Saturday, October 12, 2013
Iíve had the Spark Activity Tracker (Spark for short) for about 3 weeks now (I purchased mine before it was released to the public). To be honest, I would not have considered buying it had I not misplaced my pedometer just before receiving the offer. I found my pedometer shortly after receiving the Spark, so I was able to conduct side-by-side comparisons. Additionally, I was able to move the Spark around to see if I could find a spot optimal for me. There is a discrepancy between the number of steps recorded by the pedometer and the Spark, and this isnít necessarily a bad thing.
SparkPeople recommends carrying the Spark on oneís shoe, flat on the laces, but I donít often wear lace-up shoes. I like to wear sandals or slip-on shoes to the office and sandals or lace-up sneakers (walking or running shoes Ė I think ďsneakersĒ may be a regional term) on the weekend or Casual Friday. My sandal-wearing days are greatly numbered, though, for the rest of the year. Soon, I will be wearing boots.
I know the Spark is waterproof up to 100 feet, and I know that some people have worn theirs swimming. I just donít like to tempt fate, and I like the security of wearing my Spark on my hip, on either the waistband or pocket of whatever pants I am wearing (I donít often wear dresses or skirts). I donít have to worry about what will happen if I step into a puddle or deep snow (though maybe if I think positively, we wonít get any deep snow this year).
It doesnít seem to matter where I wear the Spark, the Spark will consistently record fewer steps than does my pedometer. When I wear the Spark on my waistband or pocket, as close to the outer edge of my body as possible, I can get a difference of 518 to 3220 steps. My pedometer uses dual-axis technology, and I donít know what mechanism the Spark uses to detect steps. It does appear that my pedometer is much more sensitive to movement than the Spark is. I have seen posts from others on SparkPeople that they feel they really earn the steps they make with their Sparks. They have a point Ė we should be getting credit for exercise, not just gliding through life at a leisurely pace. Itís also nice to get data from the whole day, because some days, I put in a lot of steps just walking from my desk to the copier multiple times. It all adds up.
I still like that my Spark will upload data automatically, as long as I am near my computer and have the dongle installed. I did not realize this until other Spark owners pointed it out, but down past the steps, miles, calories, and minutes data on my Spark Activity Tracker page is a nice graph of my times of highest activity, and I can use the tabs to view steps, calories, and miles. I donít know that I need all that information, but itís interesting to view (and Iím bit of a data freak and have been keeping a spreadsheet of my steps and miles taken on my pedometer and now on my Spark, also).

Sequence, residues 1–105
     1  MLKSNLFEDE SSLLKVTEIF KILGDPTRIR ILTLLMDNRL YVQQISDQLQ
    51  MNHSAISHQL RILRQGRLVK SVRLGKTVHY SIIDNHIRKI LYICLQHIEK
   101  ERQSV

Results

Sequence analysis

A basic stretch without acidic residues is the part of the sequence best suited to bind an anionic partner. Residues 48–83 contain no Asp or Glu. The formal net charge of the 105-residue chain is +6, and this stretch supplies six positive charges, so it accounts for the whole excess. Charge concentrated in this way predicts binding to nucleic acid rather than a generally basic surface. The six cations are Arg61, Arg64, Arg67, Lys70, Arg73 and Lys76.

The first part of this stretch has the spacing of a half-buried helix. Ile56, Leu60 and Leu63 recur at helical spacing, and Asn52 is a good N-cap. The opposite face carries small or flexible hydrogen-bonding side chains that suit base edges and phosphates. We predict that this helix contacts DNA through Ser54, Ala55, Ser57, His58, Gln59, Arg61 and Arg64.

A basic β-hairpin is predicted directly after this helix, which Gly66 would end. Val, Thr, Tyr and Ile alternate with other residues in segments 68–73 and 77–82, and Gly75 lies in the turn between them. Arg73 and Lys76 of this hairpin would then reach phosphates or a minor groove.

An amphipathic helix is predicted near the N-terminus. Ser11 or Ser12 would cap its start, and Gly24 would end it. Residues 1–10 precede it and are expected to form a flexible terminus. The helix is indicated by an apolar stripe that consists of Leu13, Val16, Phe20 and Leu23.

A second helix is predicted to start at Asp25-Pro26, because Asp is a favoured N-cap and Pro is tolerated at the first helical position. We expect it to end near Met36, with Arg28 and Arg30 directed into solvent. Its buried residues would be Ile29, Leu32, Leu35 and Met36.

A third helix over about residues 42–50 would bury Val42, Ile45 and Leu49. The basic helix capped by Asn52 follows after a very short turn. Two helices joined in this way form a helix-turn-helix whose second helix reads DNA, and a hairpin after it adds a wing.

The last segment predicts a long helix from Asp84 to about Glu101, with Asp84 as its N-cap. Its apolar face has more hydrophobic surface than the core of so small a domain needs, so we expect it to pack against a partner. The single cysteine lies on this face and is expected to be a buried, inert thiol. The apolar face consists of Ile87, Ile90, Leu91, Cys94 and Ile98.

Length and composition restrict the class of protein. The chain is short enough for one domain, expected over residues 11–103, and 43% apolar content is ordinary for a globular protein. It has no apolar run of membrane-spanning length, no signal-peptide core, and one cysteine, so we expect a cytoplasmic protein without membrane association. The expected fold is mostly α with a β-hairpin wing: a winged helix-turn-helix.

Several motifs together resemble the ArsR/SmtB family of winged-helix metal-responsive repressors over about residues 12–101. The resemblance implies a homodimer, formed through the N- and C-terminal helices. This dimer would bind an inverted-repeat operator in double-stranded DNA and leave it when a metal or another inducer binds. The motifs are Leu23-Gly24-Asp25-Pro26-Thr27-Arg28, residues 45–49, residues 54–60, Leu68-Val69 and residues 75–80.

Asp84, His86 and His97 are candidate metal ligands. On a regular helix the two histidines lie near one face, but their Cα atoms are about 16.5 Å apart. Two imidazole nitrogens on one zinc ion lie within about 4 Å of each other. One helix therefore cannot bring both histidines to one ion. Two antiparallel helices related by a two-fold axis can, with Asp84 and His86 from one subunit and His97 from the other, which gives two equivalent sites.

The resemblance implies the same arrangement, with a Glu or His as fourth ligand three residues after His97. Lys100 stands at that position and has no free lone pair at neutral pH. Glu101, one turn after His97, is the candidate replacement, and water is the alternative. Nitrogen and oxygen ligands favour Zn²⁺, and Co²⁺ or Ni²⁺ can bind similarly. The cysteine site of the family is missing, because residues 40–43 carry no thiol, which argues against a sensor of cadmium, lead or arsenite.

I do hope that a future incarnation of the Spark (perhaps a Spark II in a year or two) will take into account that I and a great many other Spark users would like to have a display on the unit, also. Rather than watch the lights around the perimeter light up as we near our goals, we would like to see how many steps we have taken without having to be near a computer that can upload the data.
It is also frustrating to me and many others that we cannot take short breaks for any reason (to wait for a light to change, to pick up after a dog, to catch oneís breath), as the workout clock resets to zero in that break. We still have the total minutes for the day displayed, but the workout minutes may be less than what we hope for. For now, we will have to keep track of our true workout minutes ourselves.
Disclaimer: I purchased the Spark with no expectation from SparkPeople that I would post a review. All my opinions are my own.
Tuesday, October 01, 2013
My pedometer had disappeared the day I received the offer to try out the new SparkPeople Activity Tracker. I most likely would not have ordered the Spark had I still had the pedometer Ė why would I need two devices?
I ordered the Spark on a Thursday, and it arrived the next day. It turns out it shipped from a town in my state about an hour and a half away, and not from Ohio, which is on the return address. (I think the return address might reflect the actual corporate address of SparkPeople, while there may be warehouses around the United States. [And, alas, I hear the device is currently available only in the US].)
The device came in a plastic cube, much the way watches are packaged. This would make for easy wrapping of it as a gift. Inside the cube was the Spark Activity Tracker (which weíve started calling the Spark), SyncPoint (the dongle that goes into the USB port of a computer), and an extra battery. One battery is already installed in the Spark.
Setup was easy. The invoice included the URL (web address) for the software you need to download, and I found it seamless to install. It searched for the SyncPoint, which I had not yet installed into one of the USB ports of my laptop (I was waiting for the prompts to tell me to plug it in Ė some devices are picky about the order you do things, but this one doesnít seem to care). Once I did that, the software completed the setup for me. I just had to follow the prompts on the screen and tap the Spark when the directions called for it.